The anticipation and excitement of a new year and, perhaps, a new school, also carries some anxiety for students of all ages, and, let’s face it, parents, too.

Starting the school year with confidence

Kids Back To School

Backpacks stuffed with fresh school supplies sit by the door. A snazzy new lunchbox waits to be packed. A carefully selected outfit hangs in the closet. Ready, set, go … the new school year is about to start.

The anticipation and excitement of a new year and, perhaps, a new school, also carries some anxiety for students of all ages, and, let’s face it, parents, too.

Open communication with your child about their concerns will go a long way toward preparing them for the next step and easing their fears.

Give your kids confidence to start the new school year with these five tips from Bradley Gerber, clinical psychologist at Sentara RMH Medical Center:

  • Forge friendships. A common concern among students of all ages is whether they will fit in. Peers become more and more important as kids get older – and they also influence decisions kids will make. Encourage children to gravitate toward a peer group you feel will create the best environment for them.

  • Evaluate expectations. The transition to middle school or high school can be unnerving as students navigate new routines and expectations. Provide your student with as much information as you can about the school and be sure the student has toured it. The more information and accurate knowledge children have, the less anxious they will feel.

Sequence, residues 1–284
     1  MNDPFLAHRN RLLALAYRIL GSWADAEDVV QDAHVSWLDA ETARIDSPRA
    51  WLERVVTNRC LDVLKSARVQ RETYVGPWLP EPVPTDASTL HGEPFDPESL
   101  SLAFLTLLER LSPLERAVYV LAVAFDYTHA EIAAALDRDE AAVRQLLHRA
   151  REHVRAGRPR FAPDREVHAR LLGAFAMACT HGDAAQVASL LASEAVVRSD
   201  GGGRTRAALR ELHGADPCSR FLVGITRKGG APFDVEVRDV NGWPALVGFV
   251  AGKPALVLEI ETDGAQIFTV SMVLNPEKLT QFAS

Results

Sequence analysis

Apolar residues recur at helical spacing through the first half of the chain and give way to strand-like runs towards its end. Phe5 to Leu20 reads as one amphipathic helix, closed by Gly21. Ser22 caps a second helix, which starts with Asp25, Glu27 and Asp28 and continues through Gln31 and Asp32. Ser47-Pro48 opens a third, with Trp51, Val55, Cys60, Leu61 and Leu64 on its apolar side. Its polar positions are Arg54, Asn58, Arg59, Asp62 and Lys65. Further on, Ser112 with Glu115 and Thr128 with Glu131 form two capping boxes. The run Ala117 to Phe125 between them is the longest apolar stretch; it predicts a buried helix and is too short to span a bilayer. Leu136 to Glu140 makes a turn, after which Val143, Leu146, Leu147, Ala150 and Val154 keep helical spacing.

• Smooth teacher anxiety. The class lists come out and texts fly! Kids may be worried about their new teacher and whether he or she is the right fit. Find out from your child what about the teacher they are worried about. If you feel it’s a legitimate reason that the teacher may not be a good match for your child, schedule a time to talk to the teacher to get some perspective. Approach it as a collaboration and not an inquisition. The teacher will respond better.

  • Ease "new kid" worries. Families who have moved to a new town over the summer face a fresh start in every aspect of their lives. Being the "new kid" isn’t easy. Find out as much as possible about the new school for your student. Look online at the school website and even social media channels for the school. Visit the school as soon as you can and be sure to attend back-to-school events so your children can meet classmates before they start school.

  • Calm parent angst. Letting go of your child after a fun summer or starting a new stage, such as entering kindergarten or high school, can weigh heavily on a parent’s heart. This is normal! Every change has the potential to bring a sense of grief that a stage is over and a new phase is starting. Create a way to keep track of your thoughts and feelings. Devising a system to save pictures and accomplishment of your child at each stage can help the transition. Each new start offers exciting possibilities, too, for parents, as well as students.